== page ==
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The astigmatic lines have the length 25r/ast m.

The angular aberration (diameter) of the round image at best astigmatic focus is

(Su'n)ast m = -Sl11 rad = -Sl11 (206 265) arcsec , (3.208)

p' ' n'yi n'yi again on the assumption, as for the coma case, that the field angle upri contained (as u^rl) in the expressions for Sm is given in radians.

Similarly, the image diameter produced by the field curvature effect IprIm is

n yl or in angular measure

(SvL)fc m = - (2Sl11 + SlV) (206 265) arcsec (3.210)

3.3.4 Distortion (SV)

The distortion coefficient Sv was not calculated in Table 3.3 or considered in the general formulations because it has little significance for the one- or two-mirror telescopes we have dealt with. Distortion can become more important if elements are introduced near the image, as we shall see in Chap. 4. In any event, the coefficient Sv can be readily calculated from the formulae in Eqs. (3.20) and (3.21).

The wavefront form of distortion is very useful as the starting formula for calculating its value but is not, in itself, a very practical measure. Distortion is not an error of quality of an image point: it is simply in the wrong place compared with the linear scale of the system as defined by its focal length f' according to Eq. (2.102). So the wavefront aberration corresponds simply to a wavefront tilt whose value depends on the cube of the field size (see Eq. (3.21).

Depending on its sign, distortion will be either "barrel" or "pincushion", as shown by the distortion of a square field in Fig. 3.22.

For astrometric work, fixed distortion in a system can normally be calibrated out. If large distortion is present, a more serious consequence is photometric. The pincushion distortion of prime focus correctors, for example, leads to a light intensity fall-off with increasing field radius, an effect which can be a nuisance with non-linear detectors like photographic plates.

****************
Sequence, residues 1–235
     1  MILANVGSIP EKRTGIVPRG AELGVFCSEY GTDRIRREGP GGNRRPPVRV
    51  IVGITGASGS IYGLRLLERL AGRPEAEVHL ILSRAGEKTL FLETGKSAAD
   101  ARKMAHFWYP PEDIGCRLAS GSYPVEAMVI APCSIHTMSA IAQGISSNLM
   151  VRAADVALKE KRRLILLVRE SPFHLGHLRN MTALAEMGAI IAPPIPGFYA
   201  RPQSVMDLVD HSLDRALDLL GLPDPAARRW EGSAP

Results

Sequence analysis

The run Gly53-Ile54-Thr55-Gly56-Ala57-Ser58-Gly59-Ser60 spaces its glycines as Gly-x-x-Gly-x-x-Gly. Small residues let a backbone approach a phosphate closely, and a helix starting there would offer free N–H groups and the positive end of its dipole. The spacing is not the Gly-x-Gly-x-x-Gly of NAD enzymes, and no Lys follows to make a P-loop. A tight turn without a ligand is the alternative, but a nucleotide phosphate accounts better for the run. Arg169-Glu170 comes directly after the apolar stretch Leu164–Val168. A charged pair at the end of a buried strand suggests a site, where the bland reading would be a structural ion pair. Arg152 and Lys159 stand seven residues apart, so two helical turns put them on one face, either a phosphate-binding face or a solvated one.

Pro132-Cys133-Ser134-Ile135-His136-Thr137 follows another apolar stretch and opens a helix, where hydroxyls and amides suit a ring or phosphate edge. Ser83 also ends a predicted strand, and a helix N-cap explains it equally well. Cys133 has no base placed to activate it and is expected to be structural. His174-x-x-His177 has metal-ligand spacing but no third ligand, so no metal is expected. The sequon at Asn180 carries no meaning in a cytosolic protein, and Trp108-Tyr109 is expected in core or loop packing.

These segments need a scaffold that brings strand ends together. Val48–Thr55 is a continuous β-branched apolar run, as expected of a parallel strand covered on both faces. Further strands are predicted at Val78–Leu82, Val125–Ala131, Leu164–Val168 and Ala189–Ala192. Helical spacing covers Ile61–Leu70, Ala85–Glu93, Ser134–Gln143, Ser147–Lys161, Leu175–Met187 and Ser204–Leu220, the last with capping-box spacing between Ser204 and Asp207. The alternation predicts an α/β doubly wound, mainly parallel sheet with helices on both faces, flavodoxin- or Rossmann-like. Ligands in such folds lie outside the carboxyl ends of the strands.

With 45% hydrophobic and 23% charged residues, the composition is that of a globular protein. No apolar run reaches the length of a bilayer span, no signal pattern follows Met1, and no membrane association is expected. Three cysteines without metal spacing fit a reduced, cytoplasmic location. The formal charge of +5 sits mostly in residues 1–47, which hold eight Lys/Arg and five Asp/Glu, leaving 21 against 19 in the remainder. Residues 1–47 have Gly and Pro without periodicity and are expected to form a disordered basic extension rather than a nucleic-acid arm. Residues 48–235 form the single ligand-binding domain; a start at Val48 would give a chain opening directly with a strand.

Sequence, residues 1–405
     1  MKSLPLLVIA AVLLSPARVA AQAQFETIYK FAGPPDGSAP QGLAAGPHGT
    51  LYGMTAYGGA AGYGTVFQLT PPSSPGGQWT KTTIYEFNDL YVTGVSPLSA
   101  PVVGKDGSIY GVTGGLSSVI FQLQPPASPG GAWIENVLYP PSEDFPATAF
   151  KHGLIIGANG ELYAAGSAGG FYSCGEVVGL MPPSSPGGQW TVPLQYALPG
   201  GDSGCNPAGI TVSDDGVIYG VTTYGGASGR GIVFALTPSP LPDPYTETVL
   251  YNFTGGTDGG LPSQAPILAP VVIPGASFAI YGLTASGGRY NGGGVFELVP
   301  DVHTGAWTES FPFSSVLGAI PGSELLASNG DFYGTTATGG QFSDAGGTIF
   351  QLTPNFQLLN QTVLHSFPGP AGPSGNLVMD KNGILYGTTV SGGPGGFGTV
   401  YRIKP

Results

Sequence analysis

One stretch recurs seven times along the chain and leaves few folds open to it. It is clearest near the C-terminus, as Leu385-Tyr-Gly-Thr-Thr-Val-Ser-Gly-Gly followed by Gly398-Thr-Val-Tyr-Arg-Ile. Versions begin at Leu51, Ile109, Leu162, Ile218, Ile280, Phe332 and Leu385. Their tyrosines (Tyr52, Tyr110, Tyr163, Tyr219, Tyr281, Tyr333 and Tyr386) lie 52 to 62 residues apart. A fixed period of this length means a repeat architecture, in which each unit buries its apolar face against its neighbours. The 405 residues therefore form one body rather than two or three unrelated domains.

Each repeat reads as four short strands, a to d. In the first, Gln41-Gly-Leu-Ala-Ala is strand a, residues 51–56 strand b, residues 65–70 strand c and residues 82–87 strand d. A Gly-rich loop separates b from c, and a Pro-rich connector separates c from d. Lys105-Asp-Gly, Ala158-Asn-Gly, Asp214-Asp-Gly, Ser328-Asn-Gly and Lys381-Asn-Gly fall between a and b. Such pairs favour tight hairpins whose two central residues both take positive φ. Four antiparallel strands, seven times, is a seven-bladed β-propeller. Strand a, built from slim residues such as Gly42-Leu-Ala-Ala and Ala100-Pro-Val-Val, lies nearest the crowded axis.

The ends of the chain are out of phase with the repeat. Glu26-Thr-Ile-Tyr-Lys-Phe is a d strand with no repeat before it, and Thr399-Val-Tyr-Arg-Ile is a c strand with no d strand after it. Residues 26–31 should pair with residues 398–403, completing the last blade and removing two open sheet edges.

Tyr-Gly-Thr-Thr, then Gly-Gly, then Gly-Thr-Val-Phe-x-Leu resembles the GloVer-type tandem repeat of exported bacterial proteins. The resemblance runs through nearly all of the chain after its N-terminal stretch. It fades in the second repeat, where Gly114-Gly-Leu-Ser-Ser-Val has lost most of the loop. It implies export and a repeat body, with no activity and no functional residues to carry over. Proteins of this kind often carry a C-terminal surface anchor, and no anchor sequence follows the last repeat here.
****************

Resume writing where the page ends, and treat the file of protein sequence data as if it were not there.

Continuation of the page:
Fig. 3.22. Distortion: (a) barrel, (b) pincushion

3.3.5 Examples of conversions

It is instructive to consider examples of the above conversion formulae for some of the cases of Table 3.3.

The angular aberrations, which are normally the most practical form for astronomical telescopes because of the direct comparison with the seeing, are independent of the size (linear scale) of the telescope and depend only on the f/no, field angle and aberration coefficients. Since upr1 is expressed in radians, the dependence on upr1 in the case of astigmatism brings, for practical field angles, a large reduction factor compared with the linear factor upr1 in the case of coma.

The angular aberrations are given in Table 3.10 for a 1-mirror telescope with spherical primary (Case 1 of Table 3.3), a classical Cassegrain (Case 3) and an RC telescope (Case 4). In each case, the telescope has a final image beam of f/10 and the semi-field angle Upri is 30 arcmin or (1800/206 265) rad. For the Cassegrain cases 3 and 4, m2 = — 4 as in Table 3.3.

The signs are the opposite of those of the coefficients Sj, Sjj, Sjjj if n = +1, i.e. for the two 2-mirror cases. This simply reflects the fact that a positive wavefront aberration corresponds to a negative ray height change Sr/' in the image plane. The sign is most important in the case of the asymmetric aberration coma, where a positive value in Table 3.10 with n = +1, and a negative coefficient Sjj in Table 3.3 imply that the point of the coma patch is directed towards the field centre as in Fig. 3.4 (a).

3.3.6 Conversions for Gaussian aberrations

Although the two first order (Gaussian) aberrations are not usually treated in books on geometrical optics as "aberrations", because they can be removed by small positional adjustments, they are, nevertheless, in practical telescopes

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